Six games into the 2013 MLB season and the Toronto Blue Jays have already lost four times.

It wasn’t supposed to happen like this. This year’s Blue Jays were expected to roar to the World Series without looking back. They were overhauled in the summer to dominate. Four losses wasn’t supposed to be a bad opening week, it was supposed to be a bad month.

On Sunday afternoon at the Rogers Centre, the Jays weren’t just beaten by the Boston Red Sox – they were throttled, embarrassed and humiliated. The final score was 13-0, against a team that they were supposed to beat; a team their manager had abandoned them for before GM Alex Anthopolous restocked the shelves. A team most pundits expect to finish no better than fourth in the AL East.

This early-season series against the Sox was supposed to be series in which the Jays showed the world that they’re all grown up. Instead, they were hand-slapped and humbled, like a teenager being told he isn’t ready to drive the family car yet.

So … at what point are Jays fans supposed start panicking?

“I think you try to draw from some of the past experiences and know that a day like today is the anomaly, not the norm,” said pitcher R.A. Dickey, the crown jewel of the Jays’ off-season remake following the Boston loss.

That’s easy for Dickey to say, considering how the Sox went off on him Sunday afternoon. The Jays’ new ace – now 0-2 with an 8.44 ERA – was essentially a glorified batting-cage pitcher on Sunday, lobbing softies to the Sox hitters who shelled him for seven runs on 10 hits before he was booed off the field midway through the fifth inning.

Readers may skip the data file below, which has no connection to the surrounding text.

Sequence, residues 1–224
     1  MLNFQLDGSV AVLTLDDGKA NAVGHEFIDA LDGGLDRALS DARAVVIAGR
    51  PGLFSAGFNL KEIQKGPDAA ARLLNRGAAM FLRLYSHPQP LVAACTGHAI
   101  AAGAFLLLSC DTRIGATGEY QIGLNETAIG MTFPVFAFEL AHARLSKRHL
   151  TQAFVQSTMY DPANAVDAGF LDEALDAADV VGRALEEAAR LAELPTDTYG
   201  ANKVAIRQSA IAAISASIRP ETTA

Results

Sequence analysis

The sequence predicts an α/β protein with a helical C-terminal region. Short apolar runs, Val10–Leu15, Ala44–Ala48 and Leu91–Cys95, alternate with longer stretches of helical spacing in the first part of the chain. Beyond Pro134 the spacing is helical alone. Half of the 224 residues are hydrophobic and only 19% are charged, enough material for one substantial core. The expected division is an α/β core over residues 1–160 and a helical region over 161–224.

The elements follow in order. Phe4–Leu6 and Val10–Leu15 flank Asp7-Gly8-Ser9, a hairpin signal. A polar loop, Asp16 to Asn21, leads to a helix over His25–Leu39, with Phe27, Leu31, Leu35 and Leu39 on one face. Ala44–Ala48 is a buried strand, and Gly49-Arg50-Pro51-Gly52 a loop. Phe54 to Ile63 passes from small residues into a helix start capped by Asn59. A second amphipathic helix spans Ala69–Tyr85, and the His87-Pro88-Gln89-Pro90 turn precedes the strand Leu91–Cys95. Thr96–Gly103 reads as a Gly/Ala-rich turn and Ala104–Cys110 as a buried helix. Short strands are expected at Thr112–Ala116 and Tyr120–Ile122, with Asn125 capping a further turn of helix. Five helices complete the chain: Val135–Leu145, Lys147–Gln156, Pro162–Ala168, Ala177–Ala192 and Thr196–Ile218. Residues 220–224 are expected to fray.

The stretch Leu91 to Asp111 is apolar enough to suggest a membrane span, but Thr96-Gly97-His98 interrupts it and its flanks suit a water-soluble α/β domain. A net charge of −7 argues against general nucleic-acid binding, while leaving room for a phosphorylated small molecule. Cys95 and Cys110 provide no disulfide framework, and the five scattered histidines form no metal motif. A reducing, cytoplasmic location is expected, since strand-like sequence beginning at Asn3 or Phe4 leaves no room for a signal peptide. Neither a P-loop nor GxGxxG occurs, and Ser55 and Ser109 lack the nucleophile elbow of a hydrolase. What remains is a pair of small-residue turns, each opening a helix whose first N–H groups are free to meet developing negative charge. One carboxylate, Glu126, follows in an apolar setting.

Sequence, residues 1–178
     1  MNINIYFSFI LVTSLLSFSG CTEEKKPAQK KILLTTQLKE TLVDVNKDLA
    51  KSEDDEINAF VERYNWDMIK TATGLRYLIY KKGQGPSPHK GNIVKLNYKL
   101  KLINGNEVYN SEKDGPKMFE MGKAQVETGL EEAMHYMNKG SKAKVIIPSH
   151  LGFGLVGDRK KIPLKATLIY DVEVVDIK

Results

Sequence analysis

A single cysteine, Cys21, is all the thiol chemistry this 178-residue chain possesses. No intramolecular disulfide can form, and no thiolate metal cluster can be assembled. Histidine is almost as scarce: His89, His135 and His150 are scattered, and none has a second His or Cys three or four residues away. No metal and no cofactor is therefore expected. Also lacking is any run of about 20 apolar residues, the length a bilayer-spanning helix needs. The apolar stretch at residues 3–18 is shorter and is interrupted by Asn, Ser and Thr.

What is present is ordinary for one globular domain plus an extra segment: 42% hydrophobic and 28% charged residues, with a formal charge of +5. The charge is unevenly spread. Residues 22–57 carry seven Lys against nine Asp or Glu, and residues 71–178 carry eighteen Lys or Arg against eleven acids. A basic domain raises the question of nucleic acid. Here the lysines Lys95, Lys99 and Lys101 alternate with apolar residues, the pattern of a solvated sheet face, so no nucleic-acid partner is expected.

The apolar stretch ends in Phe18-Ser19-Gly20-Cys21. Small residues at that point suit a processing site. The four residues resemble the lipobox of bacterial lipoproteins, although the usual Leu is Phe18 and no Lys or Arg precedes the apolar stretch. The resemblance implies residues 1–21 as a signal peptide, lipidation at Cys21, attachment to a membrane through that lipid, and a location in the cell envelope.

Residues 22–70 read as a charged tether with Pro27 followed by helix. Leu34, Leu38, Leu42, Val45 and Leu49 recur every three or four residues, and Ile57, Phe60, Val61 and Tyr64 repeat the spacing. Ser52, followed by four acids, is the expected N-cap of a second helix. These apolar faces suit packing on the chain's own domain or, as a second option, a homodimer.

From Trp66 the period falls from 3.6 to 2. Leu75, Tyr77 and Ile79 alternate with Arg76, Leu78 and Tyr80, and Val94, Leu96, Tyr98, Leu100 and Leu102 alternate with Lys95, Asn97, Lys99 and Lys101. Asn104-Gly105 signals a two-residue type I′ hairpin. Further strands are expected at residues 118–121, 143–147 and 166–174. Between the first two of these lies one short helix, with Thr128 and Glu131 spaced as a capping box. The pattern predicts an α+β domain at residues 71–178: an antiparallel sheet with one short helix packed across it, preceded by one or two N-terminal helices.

“You certainly try to forget about it as soon as you can,” Dickey said. “Throughout the course of the season, you’re going to have a clunker or two that you try to forget about as soon as you can.”

Unfortunately, Dickey’s not the only high-priced pitcher who’s been throwing clunkers – the Jays have given up 12 home runs so far this year, tops in the American League. And yes, that does include the Houston Astros, who are essentially fielding a Triple-A squad.

The team’s offense hasn’t been setting the world on fire, either. They’ve scored 22 runs on 45 hits – good for just 13th in the 15-team American League, despite a 10-run outburst in Game No. 3 against Cleveland.

So, should we start panicking? Jays’ manager John Gibbons, who has been Mr. Relaxation so far this year, doesn’t think so.

“I don’t sense that we feel pressure, to be honest with you,” he said in his press conference following Sunday’s disaster.

Maybe he should. The Jays now hit the road to play a three-game set against the AL’s best team last year, the Detroit Tigers, and three against the revamped Kansas City Royals. It’s a very realistic prospect that the team could be 4-8 when they return home to face the Chicago White Sox on April 15.

Then can we panic?

“I think real fans understand that it is indeed a marathon,” Dickey said Sunday. “We certainly aren’t leading the marathon at this point, but we have a lot of mileage to go. We’ve got a good ball club. There’s a lot of guys in here that have gotten off to some slow starts, myself included, and it’s only going to get better.”

What is worrisome is how Toronto’s fans will react to a prolonged slump to start the season. There’s little question the team increased its payroll to $117 million based on the prospect that a winning team would result in more fans at the games, and subsequently more revenue to pay those salaries.

But few fans have been teased and disappointed over the years more than Jays fans, who haven’t experienced a playoff game since 1993. Given the unprecedented, over-hyped expectations going into this season, the prospect of yet another disappointing, losing season would be disastrous to attendance, team revenues, and the future of the ball club in Toronto.

And then it would be time to panic.

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The Toronto sporting fan again was treated to the infamous "Toronto Sports team mirage" all talk and no results....season in and season out.....ask any Maple Leaf fan over 45 years (post 67)
The Toronto sporting fan again was treated to the infamous "Toronto Sports team mirage" all talk and no results....season in and season out.....ask any Maple Leaf fan over 45 years (post 67)
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